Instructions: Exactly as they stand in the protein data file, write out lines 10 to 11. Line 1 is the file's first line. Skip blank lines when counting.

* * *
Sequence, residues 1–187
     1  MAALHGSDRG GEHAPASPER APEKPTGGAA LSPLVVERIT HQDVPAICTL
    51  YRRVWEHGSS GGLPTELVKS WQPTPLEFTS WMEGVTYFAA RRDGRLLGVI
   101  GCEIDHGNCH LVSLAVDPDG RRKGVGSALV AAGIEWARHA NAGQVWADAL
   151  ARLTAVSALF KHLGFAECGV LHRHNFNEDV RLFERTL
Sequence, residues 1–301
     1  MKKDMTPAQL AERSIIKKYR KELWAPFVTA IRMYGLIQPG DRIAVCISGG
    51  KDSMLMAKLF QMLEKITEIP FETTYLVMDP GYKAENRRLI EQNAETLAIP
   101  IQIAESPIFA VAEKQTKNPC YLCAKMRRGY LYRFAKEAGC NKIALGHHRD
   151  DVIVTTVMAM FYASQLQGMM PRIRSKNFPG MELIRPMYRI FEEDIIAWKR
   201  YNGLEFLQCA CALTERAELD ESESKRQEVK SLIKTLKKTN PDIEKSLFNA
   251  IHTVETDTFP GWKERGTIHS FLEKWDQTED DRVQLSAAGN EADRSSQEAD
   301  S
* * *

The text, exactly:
   151  DVIVTTVMAM FYASQLQGMM PRIRSKNFPG MELIRPMYRI FEEDIIAWKR
   201  YNGLEFLQCA CALTERAELD ESESKRQEVK SLIKTLKKTN PDIEKSLFNA